*** Not helped by the source books openly encouraging players to operate this way in earlier editions: other lawful good characters are just required to respect any oaths or promises they make during play, but Paladins start with a pre-written set of oaths, written by the GameMaster from the perspective of a bellicose and wrathful god, which they must enforce to the utmost of their ability or lose their powers outright and be reduced from one of the more powerful combat classes to a weaker version of a fighter (fighter already being the least powerful class in the game). Essentially, AppealToInherentNature was an intentionally-added class feature.
** The obvious problem with applying the trope under these particular conditions is of course that a tabletop [=RPG=] character is simply a figment of its creator's/controller's ''imagination'' with no independent existence or "inherent nature" in the first place. There are few if any claims of "I can't help it, it's my character's fault!" that cannot be countered with a variation on the question "Well, who wanted to ''play'' him/her that way?".
*** There's also the standard counter of killing the person and stating "It's what my character would do if he's being harassed by an insane person."
** This complaint is complicated by the fact that your character basing his actions on the character's motivations and not the player's is what you're supposed to do in a "role playing" game, it's the definition of the term. And, in-character, you should in fact feel the actions are justified and rational. It only really goes beyond being exactly how it's supposed to work if the player insists that there shouldn't be consequences for acts consistent with his character.
* Thoroughly mocked in ''TabletopGame/LegendOfTheFiveRings''. While this is a setting based on traditional Japanese ideals of cosmology (and thus, Advantages and Disadvantages tend to [[InTheBlood run in family lines]]), the fact that this isn't ''overall'' true causes a lot of unneeded misery in setting, since a lot of samurai believe it. For example, the first emperor of the [[TokenEvilTeammate Scorpion Clan]] told the clan founder the folktale of the scorpion and the frog...except he changed the ending. When the frog asks why the scorpion stung the frog in the middle of a river, drowning them both, [[ConsummateLiar the scorpion]] replied "[[IAmNotLeftHanded Little frog]], [[ForTheEvulz I can swim.]]" And indeed, the Clan as a whole is untrustworthy and dishonorable...as is their purpose, since their explicit title is "Underhand of the Emperor", the people who do the things Bushido prevents. Individual Scorpions are trained ''specifically'' how to spin this logical fallacy to their advantage; since everyone expects a Scorpion to be untrustworthy, [[SarcasticConfession they can lie by telling the truth]].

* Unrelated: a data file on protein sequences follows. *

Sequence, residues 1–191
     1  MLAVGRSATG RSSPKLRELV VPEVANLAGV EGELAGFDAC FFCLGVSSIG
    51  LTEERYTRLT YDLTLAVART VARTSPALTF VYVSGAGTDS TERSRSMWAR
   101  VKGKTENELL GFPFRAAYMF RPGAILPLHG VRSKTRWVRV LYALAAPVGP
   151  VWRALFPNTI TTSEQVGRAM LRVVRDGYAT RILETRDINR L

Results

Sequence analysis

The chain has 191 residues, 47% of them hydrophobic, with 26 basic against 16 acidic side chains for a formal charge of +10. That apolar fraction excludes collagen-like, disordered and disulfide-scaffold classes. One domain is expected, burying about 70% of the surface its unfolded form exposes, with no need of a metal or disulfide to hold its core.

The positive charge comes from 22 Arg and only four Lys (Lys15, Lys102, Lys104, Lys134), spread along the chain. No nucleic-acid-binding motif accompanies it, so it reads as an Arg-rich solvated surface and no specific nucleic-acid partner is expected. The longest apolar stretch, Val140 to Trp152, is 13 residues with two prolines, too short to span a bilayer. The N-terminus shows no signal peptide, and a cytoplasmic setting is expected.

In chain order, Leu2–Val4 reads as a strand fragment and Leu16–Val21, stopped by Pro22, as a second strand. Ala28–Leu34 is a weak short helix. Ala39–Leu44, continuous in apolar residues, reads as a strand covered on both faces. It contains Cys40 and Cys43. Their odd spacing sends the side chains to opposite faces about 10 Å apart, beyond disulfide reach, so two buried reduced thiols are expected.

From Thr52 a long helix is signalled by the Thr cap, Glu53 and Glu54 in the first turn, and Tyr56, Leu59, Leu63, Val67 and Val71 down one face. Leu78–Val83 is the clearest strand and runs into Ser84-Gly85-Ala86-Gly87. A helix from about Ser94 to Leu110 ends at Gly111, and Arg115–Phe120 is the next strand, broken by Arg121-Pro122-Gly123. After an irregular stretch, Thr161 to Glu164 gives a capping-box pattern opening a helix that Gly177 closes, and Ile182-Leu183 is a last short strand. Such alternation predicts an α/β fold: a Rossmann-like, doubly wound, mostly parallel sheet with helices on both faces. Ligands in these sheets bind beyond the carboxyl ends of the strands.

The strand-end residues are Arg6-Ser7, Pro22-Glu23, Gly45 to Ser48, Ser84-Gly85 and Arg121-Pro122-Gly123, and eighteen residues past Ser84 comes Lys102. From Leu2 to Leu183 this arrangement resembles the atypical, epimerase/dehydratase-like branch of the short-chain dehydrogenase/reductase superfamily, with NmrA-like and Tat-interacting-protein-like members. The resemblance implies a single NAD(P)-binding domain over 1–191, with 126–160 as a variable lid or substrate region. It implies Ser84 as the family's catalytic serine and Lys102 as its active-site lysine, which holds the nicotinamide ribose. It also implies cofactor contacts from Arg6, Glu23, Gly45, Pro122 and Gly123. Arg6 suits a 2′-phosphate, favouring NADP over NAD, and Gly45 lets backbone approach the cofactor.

* In Creator/WilliamShakespeare[='s=] ''Theatre/MuchAdoAboutNothing'', Don John excuses his actions by saying that it's in his nature to be a CardCarryingVillain.

[[folder:Video Games]]
* Used in the Extended Cut ending of ''VideoGame/MassEffect3'', whereupon Shepard argues against the logic that [[spoiler:the Catalyst]] chose to solve the problem of the RobotWar by building robots that specifically ''start'' Robot Wars. [[spoiler:The Catalyst]] refutes this statement by saying that its creations are only doing what they were programmed to do, and thus are not truly interested in war. Of course, seeing as they are ''his'' creations, [[spoiler:the Catalyst]] is basically saying that the war occurs because organic civilizations refuse to sit back and allow themselves to be annihilated. Shepard can call him out on this.